Usually, a finished template is so cheap because it is supposed to sell hundreds of times. Template designers also make sure to get as close to the taste of the masses as possible. That’s why templates tend to be very conformable.

If you value uniqueness, finished templates are an abysmal choice. Sure, you can bend any template’s design around. However, that takes away all of the advantages as mentioned above.

Disadvantage #2: Code Quality and Sustainability

We have to be honest here. The code quality of a majority of available themes and templates is very lacking. If you are a DIY’er that want to get a website online fast, without any knowledge of HTML and CSS, you can quickly fall flat on your face.

After all, web design is no longer a simple question of looks. Search engine optimization, loading performance, and security have to be considered as well. Thus, you should definitely acquire some essential knowledge before choosing a template. The designer easily avoids this problem, thanks to his extensive expertise.

You should also try to figure out how the selected template or theme is taken care of. Does the provider update his product regularly, or at least when needed, for example when security issues became evident, or will you be left alone after your purchase? In the latter case, you should stay away from that.

You Can Rearrange Them, But in the End, They Are Still the Same Components. (Photo: Pixabay)

Disadvantage #3: Restricted Adaptability

I have already addressed this under disadvantage #1. A finished template tries to serve a wide market, so it tends to be uniform.

On top of that, every template has its limits when it comes to adjustability and expandability. In any case, you have to try to make your needs clear in advance, which is best done in the form of a checklist. With this checklist, you can go out in your search for a new template.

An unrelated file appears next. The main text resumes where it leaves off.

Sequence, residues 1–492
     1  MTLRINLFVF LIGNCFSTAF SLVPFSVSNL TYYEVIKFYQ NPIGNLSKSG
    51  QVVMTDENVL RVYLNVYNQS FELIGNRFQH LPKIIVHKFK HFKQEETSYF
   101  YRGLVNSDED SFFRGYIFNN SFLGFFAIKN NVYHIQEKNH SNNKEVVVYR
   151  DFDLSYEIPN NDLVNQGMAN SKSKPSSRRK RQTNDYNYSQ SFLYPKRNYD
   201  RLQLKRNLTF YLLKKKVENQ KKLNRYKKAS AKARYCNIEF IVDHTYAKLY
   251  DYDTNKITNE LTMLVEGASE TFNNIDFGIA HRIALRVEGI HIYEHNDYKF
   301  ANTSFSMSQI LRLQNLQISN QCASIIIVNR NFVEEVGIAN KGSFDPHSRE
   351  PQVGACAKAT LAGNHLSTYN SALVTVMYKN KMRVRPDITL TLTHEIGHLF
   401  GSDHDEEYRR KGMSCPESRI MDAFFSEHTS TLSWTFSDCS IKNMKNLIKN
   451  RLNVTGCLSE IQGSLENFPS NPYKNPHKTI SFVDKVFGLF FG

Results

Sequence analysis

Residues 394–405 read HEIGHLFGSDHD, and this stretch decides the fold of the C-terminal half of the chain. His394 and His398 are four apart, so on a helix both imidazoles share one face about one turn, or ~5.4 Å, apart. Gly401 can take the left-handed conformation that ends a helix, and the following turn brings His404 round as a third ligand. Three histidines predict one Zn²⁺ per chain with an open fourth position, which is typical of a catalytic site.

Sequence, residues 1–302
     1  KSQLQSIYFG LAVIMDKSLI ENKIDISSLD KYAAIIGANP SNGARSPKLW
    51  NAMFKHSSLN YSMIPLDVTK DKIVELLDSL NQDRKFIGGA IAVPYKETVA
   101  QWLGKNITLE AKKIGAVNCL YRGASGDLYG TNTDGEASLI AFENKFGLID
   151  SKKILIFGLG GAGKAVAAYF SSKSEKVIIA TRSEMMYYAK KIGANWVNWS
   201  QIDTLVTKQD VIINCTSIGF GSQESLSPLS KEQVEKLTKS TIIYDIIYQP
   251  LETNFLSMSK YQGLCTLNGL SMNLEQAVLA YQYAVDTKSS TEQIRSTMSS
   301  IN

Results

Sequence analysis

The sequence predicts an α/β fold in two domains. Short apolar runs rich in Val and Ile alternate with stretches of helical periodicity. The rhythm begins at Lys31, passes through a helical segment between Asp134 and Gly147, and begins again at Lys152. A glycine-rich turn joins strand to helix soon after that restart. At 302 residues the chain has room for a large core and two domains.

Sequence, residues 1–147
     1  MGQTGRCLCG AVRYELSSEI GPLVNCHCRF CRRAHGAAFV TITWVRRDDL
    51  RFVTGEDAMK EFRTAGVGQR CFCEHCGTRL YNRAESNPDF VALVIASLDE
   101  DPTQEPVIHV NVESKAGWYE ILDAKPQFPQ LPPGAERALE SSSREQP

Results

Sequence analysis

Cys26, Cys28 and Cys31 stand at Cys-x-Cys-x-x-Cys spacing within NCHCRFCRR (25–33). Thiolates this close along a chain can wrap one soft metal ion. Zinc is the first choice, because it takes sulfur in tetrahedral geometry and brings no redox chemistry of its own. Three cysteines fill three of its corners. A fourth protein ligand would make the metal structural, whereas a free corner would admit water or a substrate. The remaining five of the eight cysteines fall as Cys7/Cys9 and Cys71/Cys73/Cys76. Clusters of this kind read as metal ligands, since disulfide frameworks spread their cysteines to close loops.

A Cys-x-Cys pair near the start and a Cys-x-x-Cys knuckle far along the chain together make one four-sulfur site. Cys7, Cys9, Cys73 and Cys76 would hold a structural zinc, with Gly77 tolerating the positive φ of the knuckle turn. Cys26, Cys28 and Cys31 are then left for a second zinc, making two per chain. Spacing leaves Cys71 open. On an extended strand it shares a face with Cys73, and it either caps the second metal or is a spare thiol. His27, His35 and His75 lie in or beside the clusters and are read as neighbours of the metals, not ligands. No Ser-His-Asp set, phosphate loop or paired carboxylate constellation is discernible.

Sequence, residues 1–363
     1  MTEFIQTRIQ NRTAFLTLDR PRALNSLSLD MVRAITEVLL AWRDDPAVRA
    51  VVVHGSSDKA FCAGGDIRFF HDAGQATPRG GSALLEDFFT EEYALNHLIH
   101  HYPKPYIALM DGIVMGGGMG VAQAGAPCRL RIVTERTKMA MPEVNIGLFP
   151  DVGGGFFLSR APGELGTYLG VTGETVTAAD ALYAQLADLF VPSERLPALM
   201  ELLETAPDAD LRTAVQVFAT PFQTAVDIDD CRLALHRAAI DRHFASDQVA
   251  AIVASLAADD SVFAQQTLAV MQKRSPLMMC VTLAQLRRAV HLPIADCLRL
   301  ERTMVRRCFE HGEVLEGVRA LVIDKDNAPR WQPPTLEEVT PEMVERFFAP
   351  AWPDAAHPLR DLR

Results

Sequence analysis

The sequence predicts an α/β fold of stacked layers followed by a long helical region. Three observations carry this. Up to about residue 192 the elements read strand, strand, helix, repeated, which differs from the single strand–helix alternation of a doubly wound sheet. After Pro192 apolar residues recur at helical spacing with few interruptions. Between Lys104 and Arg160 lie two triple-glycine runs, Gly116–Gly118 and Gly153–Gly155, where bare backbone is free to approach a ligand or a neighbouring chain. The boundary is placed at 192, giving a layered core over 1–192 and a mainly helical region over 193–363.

Disadvantage #4: Brand Compatibility

If a finished template doesn’t fully support your brand, the only possible result is a compromise. However, you shouldn’t make compromises when it comes to your web presence. After all, internet visitors only know you from your website. You could be a midsize entrepreneur with 400 workers and a fantastic record. If your site looks as if you got it from a gumball machine, your web image will look accordingly, not correlating with what you want your brand image to be.

Thus, finished templates can only be an option for a brand in very exceptional cases.

Conclusion: Using Templates Should be Well Thought Out

As you can see, I can’t recommend or advise against using templates. However, if you put thought into the mentioned pros and cons, and use them to make your design decision, you should be able to make a profound choice.

Feel free to leave a comment if I have missed any pros or cons.

Dieter Petereit

Dieter Petereit is a veteran of the web with over 25 years of experience in the world of IT. As soon as Netscape became available he started to do what already at that time was called web design and has carried on ever since. Two decades ago he started writing for several online publications, some well, some lesser known. You can meet him over on Google+.